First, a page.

My family of six (including me) has lived in our current house for over ten years. In that time, each of my four children have grown exactly ten years (it’s uncanny!). And as a result of their growing, we’ve had to expand our living space accordingly. Fifteen year olds require a lot more space than two year olds!
Some years ago, we had our basement finished by a builder (John) and we were very pleased with his work. John was efficient, respectful of our time and space, and produced a very good end-product. When the time came to add a detached garage, we naturally worked with John to help us design and build it.
Now it’s time for adding a new room to the house and we’ll be working with John again to do that. Why? Because we trust him implicitly. We’ve seen his work product, we’ve experienced how he works, and we know that he understands our needs. John has become a partner in our efforts to continue to make our house more livable. John is honest with us, he’s blunt when he needs to be, and he concedes us our needs when we demand them.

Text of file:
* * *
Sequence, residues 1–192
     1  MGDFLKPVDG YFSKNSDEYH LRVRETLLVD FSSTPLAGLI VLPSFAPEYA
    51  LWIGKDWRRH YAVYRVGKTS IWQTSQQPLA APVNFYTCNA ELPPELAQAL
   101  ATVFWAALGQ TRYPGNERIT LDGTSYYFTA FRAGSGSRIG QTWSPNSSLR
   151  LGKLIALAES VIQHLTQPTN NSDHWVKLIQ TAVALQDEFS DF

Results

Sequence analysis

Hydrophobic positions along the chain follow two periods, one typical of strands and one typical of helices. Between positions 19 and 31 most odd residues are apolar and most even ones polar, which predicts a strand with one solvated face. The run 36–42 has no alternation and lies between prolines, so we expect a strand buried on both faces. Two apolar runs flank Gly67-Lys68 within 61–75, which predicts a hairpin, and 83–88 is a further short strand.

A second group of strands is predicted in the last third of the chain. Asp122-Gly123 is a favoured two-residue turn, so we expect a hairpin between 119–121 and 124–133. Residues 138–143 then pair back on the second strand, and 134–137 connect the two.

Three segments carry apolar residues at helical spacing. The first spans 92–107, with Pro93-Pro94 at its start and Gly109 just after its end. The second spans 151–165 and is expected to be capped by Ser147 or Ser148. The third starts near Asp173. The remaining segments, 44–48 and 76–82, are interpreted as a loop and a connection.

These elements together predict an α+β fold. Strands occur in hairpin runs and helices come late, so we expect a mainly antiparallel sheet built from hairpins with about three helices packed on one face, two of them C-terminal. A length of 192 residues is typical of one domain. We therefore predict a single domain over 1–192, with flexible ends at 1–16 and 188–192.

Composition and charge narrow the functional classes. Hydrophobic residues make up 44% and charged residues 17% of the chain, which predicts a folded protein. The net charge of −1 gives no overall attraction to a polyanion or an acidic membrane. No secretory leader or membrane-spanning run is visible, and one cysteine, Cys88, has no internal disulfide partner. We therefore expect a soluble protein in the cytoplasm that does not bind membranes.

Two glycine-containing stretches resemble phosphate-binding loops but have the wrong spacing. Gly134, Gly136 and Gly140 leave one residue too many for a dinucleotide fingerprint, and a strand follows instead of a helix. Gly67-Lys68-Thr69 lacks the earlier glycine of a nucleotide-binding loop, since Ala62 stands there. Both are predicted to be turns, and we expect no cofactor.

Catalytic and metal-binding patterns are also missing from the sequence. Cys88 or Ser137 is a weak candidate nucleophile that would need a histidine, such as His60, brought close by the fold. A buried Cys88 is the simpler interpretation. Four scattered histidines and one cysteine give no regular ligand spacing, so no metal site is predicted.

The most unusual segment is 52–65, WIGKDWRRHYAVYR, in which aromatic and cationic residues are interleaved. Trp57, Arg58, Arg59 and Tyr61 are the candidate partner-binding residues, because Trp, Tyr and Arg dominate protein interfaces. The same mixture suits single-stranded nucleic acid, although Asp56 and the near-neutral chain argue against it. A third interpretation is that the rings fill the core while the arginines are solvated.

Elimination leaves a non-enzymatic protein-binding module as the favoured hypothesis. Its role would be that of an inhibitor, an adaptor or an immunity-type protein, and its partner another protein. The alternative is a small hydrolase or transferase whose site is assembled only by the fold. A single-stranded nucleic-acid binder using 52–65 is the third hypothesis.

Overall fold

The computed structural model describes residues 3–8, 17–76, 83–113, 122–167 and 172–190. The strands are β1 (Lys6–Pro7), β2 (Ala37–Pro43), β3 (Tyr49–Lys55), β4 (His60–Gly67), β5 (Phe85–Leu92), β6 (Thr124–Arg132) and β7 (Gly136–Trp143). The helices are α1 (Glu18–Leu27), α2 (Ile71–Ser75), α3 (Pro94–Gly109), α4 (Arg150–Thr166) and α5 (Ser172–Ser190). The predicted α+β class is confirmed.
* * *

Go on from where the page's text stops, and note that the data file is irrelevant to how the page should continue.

When it comes to choosing new software for your association, keep in mind that you’re not just buying software; you’re also buying a relationship with the vendor who will support that software. As I often tell my clients, you’re not buying a car, you’re getting married. And you want this marriage to last.
When you need to grow your system by adding features and functionality, you want to have a relationship with your vendor that is similar to the relationship I have with my builder. It should be built on trust, mutual benefit, and a vision for working together in the long-term.
Too often I see associations that have developed an adversarial relationship with their software vendor. They view the vendor as just another company out to separate the association from their money. There is a fundamental lack of trust. If your relationship with your software vendor looks like that, you need to do what you can to repair the relationship. In my experience, most vendors are willing to work with you. If it cannot be repaired, you may have to move on because nothing good comes from a bad relationship.
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